The neighborhood had a lukewarm response to the development of the Ed Roberts Center at the Ashby Bart Station initially. Real estate concerns about blocked views, etc. and the neighborhood felt sold out-"why South Berkeley, they wouldn't put up with this at the North Berkeley Bart Station." Many edgy, irritable, even angry meetings. That was years ago when the first notice was given of the Ed Roberts Center, a place of professional services and offices for the Physically Disabled community. South Berkeley is where La Pena, the former Black Panther office, and Starrey Plough, the first IRA bar are centered. People are active politically and skepticism is parr for the course. But as the construction takes form, the steel rigors and concrete are poured, you can literally feel the Ed Roberts Center pulling up and pulling together this neighborhood: Pushing the neighborhood towards a future worth sharing uniquely Berkeley.

AB999-Books not BARS-no more ADD ONS

The mothers, sister, brothers and people who together from Ella Baker's Book Not Bars got on a bus May 7th bound for Sacramento; they carried the message that youth given a sentence by a judge and or jury should not have time Add Ons made by the staff of the institution in which they were incarcerated. Unlike the judge and the jury, there is no accounting by staff as to the decision to ADD ON weeks or months which on record increase the time for up to 15 months longer on average. As well, AB999 challenges the use of solitary confinement as punishment for weeks and months. The real issue was represented by one young man who had successfully gotten past his term in jail, past his probation; he said he entered the system at 12 and returned to society at age 19, but he was still 12 in terms of education, ability to work and emotional maturity. The Need for youth to get education and job training to have a means to enter society is for the offenders, that's true. But who benefits really is the taxpayer upon whom the cost of $200,000 per offender per year lands. AB999 looks to have job training, education and the hope of a future. In comparison, in states where the prison system does provide education and training, there is a huge difference in what happens after the youth offender leaves prison. The ratio of return is a third of the Youth System in California. Throughout the country, the reality of the failure of the prison system in terms of the cost to everyone is unquestioned. In the case of the youth in prison, we have the possibility of providing the education and the job training with the taxpayer's dollar rather than paying for extended stays that cultivate waste and reduce the possibility of reentry. Van Jones is now in Washington working with the President on Green Jobs for the country, having started Green Jobs in Oakland with Ella Baker Center.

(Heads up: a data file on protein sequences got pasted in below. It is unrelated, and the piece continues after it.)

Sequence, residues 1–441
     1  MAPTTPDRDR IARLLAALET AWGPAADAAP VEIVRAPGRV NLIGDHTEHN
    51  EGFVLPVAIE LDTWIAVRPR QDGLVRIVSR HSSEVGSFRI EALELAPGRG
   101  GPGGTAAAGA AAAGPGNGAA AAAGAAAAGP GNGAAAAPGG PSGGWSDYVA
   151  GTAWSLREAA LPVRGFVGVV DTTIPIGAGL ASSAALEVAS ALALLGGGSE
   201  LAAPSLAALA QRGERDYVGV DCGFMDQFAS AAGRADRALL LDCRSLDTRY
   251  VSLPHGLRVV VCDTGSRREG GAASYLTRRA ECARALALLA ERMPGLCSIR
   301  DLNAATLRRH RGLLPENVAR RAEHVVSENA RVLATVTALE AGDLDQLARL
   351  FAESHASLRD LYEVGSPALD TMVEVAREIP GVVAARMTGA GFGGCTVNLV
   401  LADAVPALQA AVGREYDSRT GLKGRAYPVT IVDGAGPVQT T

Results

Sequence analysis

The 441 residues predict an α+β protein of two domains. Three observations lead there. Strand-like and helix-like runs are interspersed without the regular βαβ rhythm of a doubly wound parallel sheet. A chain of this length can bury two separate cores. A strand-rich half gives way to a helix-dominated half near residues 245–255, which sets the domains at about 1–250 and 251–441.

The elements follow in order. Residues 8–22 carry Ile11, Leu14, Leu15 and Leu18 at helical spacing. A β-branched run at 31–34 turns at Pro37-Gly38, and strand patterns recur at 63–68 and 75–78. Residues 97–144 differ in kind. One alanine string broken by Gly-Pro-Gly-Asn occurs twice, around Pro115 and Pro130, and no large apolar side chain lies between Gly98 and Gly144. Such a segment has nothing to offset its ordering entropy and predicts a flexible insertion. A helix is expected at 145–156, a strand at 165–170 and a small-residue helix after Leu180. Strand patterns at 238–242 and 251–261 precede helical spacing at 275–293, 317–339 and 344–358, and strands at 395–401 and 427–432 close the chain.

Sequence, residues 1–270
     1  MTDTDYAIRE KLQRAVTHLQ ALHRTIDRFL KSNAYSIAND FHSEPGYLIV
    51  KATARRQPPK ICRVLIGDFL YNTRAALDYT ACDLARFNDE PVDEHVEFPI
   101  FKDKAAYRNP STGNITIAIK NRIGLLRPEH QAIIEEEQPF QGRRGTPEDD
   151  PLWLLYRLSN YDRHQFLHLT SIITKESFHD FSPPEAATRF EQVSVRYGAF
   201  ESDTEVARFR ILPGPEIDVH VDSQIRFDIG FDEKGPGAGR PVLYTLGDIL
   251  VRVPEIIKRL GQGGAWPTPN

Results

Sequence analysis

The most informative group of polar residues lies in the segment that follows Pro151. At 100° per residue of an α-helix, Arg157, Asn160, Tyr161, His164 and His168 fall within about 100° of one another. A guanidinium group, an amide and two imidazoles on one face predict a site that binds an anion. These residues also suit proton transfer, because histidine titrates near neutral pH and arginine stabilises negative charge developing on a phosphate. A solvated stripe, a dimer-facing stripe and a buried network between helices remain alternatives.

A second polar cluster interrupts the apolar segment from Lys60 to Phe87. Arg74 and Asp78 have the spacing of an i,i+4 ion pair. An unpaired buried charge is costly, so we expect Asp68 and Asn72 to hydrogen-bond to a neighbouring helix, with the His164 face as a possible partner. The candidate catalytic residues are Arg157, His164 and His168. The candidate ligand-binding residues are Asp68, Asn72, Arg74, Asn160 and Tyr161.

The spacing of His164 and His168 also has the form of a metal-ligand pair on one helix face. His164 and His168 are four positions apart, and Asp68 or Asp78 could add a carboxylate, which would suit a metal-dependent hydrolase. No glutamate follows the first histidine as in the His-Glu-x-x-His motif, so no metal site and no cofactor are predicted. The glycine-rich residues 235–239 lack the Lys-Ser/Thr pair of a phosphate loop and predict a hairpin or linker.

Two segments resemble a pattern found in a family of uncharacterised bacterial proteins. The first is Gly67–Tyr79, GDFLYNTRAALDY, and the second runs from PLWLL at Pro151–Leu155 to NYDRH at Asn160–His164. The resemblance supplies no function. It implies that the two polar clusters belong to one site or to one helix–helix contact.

AB999, the bill resulting from Books Not Bars going to Sacramento on May 7th will soon reach the Assembly in California. The choice seems simple: the prisons are overcrowded, the economy is not job training friendly and the cost in dollars and lives is unforgiveable if we don't provide a change in policy now.

Tuesday, May 26, 2009

Taking it to Sacramento-AB999-Ending the waste of a whole generation.

A group from Books not Bars, of mothers, sisters, brothers and fathers climbed on a bus and went to Sacramento on May 7th to promote AB999. The good news it will be presented to the Assembly in the very near future, having passed from them to public attention and the assembly. This is a bill that would prohibit there being Add ons to the length of time a youth offender can have additional time added on to his sentence by the guards and staff at the places of incareration. Without a judge, or any kind of hearing or even acknowledgement to the courts, the jail staff unlike the judge and court have no accounting to any group outside themselves for the actions taken against a youth in jail. But that's not all the AB999 is about, it's about the guards not putting youth into solitary confinement for weeks and months, it's about providing education and training, so these young people come out not deadened angry young men. With the recidivist cycle a given under the current condition, AB999 would require the monies spent by taxpayers to be directed toward improving the conditions: job training, education for starters, of youth in such a way as they are ready for reentry, rather than left to waste. What we'd be paying for as taxpayers would be on the positive side instead of keeping the jails staffed and recycling the offenders. as people who have been given the opportunity to return to society rather than youth wasted.

President Obama said not that long ago, that it's important to our country that the youth of today get the education and job training they need to have our country keep its place in the world. All the young people. Not just for the individual, but the future we're all going to take part. Books Not Bars has taken that to Sacramento and is working not just for the youth, their families and the future that will be there, but they're working for all of us for a better world.

Keep a look out for AB999 will be in the State Assembly this week.

Saturday, March 28, 2009